As China attaches greater emphasis to high-quality development agenda such as technological innovation, green economy, and development safety, economists said the two sessions may continue to forgo a specific GDP growth target for the year but focus on employment targets.
For the first time in years, last year’s two sessions did not set a GDP growth target due to the huge uncertainty engendered by COVID-19 but set employment and other policy priorities.
Despite giving less importance to the GDP growth figure, the government is expected to maintain supportive macro policies to sustain China’s economic recovery and avoid any sharp policy shifts in the process of policy normalization, they said.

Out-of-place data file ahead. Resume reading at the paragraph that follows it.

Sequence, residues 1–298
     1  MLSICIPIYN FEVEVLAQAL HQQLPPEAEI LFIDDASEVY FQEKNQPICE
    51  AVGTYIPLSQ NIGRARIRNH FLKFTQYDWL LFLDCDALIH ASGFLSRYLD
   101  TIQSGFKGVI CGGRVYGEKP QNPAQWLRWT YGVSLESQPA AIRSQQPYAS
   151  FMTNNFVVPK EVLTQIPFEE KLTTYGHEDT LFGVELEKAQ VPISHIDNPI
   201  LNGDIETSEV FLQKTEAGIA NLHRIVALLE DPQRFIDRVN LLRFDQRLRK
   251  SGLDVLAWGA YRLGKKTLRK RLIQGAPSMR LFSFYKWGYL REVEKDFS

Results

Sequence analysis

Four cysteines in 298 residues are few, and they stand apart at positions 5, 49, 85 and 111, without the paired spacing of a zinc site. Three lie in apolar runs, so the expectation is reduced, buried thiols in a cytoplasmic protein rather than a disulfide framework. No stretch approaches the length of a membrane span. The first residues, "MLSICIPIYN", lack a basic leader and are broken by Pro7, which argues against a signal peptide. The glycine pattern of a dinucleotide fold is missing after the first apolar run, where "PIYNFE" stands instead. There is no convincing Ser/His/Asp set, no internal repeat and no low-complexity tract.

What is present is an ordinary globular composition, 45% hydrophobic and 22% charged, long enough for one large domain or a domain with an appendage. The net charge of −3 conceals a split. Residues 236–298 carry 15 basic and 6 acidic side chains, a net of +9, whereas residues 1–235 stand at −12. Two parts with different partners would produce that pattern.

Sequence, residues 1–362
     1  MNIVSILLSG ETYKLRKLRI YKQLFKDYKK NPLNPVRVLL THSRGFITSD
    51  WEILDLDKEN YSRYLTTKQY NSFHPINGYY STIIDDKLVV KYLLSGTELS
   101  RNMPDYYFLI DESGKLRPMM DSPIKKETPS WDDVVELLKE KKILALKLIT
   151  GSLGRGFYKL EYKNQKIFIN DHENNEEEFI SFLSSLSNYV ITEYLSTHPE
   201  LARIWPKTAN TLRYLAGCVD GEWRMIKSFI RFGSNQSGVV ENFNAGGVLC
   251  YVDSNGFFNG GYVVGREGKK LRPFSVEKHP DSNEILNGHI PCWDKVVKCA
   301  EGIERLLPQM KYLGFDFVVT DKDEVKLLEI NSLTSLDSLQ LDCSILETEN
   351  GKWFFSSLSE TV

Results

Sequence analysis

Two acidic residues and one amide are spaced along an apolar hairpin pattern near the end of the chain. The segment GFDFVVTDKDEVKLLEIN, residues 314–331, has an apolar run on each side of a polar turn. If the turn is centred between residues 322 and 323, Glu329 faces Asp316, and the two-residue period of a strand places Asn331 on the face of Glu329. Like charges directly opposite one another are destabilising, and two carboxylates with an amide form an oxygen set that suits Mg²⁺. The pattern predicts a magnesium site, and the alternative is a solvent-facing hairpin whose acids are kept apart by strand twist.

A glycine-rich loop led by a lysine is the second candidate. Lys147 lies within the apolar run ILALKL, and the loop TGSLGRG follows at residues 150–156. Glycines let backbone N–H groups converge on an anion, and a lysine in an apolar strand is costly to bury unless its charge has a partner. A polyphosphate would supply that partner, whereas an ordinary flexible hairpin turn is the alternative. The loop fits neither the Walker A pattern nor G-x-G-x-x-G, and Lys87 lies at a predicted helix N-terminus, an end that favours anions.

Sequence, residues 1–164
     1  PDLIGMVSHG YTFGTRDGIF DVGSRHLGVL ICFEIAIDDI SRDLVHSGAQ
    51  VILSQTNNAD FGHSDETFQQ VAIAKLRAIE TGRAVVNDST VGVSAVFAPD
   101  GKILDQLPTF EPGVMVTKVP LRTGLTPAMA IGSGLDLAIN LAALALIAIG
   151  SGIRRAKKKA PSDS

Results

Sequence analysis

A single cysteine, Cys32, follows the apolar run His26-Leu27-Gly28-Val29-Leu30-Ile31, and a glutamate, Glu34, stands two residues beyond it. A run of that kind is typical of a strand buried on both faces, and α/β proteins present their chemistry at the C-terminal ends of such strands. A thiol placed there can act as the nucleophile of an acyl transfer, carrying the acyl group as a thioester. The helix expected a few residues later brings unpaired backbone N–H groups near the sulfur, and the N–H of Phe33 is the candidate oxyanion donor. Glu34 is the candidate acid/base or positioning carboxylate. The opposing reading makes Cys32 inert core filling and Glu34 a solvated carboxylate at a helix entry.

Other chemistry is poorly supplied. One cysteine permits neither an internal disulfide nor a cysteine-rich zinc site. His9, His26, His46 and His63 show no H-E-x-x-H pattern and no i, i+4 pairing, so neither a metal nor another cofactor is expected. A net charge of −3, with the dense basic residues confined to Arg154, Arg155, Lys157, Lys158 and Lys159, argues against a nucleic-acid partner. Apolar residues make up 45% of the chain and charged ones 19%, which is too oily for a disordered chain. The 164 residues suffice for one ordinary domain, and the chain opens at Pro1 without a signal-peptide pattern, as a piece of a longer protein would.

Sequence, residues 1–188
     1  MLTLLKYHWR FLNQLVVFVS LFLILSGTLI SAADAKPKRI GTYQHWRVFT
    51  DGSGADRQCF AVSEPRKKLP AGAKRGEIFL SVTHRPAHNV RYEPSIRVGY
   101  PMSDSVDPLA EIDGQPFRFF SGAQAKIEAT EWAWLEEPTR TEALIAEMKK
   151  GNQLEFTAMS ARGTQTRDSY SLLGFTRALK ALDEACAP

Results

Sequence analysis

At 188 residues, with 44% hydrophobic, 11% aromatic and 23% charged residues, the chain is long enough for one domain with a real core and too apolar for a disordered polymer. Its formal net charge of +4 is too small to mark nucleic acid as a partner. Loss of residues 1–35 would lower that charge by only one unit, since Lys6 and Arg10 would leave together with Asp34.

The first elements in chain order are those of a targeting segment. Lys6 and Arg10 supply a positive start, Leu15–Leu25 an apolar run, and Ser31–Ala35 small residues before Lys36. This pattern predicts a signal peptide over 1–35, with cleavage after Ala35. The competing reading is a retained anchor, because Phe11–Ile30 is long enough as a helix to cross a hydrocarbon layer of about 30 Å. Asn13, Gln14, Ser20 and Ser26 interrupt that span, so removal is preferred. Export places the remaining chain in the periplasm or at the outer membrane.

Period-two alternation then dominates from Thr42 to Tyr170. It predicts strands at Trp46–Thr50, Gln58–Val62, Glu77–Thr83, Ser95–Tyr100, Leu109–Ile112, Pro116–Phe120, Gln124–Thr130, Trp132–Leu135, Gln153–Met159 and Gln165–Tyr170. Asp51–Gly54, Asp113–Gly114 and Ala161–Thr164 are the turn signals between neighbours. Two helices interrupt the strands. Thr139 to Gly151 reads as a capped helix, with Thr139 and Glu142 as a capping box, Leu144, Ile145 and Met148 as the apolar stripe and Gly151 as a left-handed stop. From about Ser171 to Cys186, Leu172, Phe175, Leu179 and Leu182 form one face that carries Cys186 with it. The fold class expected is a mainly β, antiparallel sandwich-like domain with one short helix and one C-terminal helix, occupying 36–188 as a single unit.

The Central Economic Work Conference held in December had pledged to maintain the consistency, stability and sustainability of macro policies this year, continuing to adopt a proactive fiscal policy and prudent monetary policy.
Pang from ING said she expects no changes in China’s benchmark lending rates this year, which would be a result of balancing the need for stabilizing the macro leverage level with the need to boost economic recovery amid the still volatile external demand and the ups and downs of global COVID-19 cases.
Fiscal stimulus may be around the same number as that of last year, Pang said, while the spending focus could be changed to achieving technology self-sufficiency.
“While UBS expects this year’s (China) GDP growth to recover strongly at 8 percent to 9 percent, we don’t think the country will set a specific growth target,” said Wang.
Given the strong rebound, macro policies are expected to normalize from the anti-crisis easing mode, which means the budgeted fiscal deficit, to be announced at the two sessions, could decline to 3 percent of GDP or even lower, versus more than 3.6 percent last year.